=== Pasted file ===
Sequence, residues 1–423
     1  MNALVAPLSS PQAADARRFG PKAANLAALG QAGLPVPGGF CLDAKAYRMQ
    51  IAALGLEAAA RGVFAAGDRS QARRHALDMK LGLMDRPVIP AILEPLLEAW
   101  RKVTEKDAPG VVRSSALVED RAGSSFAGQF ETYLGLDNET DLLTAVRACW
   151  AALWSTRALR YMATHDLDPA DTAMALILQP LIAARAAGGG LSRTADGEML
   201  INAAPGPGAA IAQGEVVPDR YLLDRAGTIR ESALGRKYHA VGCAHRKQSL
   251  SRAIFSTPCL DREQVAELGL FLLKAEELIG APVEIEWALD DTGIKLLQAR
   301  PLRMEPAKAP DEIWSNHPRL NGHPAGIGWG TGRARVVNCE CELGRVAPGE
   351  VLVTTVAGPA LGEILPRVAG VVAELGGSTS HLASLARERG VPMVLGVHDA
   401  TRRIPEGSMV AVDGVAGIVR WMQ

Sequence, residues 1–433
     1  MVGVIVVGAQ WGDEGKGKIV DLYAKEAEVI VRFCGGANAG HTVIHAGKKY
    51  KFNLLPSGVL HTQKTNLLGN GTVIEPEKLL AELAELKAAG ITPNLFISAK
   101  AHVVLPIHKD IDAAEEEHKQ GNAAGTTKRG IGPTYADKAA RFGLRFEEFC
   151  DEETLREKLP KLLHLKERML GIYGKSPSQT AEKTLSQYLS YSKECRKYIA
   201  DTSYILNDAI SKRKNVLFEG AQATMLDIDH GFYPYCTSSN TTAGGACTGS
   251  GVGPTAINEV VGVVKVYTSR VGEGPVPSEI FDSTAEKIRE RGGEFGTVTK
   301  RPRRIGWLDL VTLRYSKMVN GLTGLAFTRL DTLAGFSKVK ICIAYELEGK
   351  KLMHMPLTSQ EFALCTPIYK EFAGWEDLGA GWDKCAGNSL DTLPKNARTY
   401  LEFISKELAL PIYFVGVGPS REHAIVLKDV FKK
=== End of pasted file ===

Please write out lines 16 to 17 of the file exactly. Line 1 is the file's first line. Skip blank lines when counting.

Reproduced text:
   201  DTSYILNDAI SKRKNVLFEG AQATMLDIDH GFYPYCTSSN TTAGGACTGS
   251  GVGPTAINEV VGVVKVYTSR VGEGPVPSEI FDSTAEKIRE RGGEFGTVTK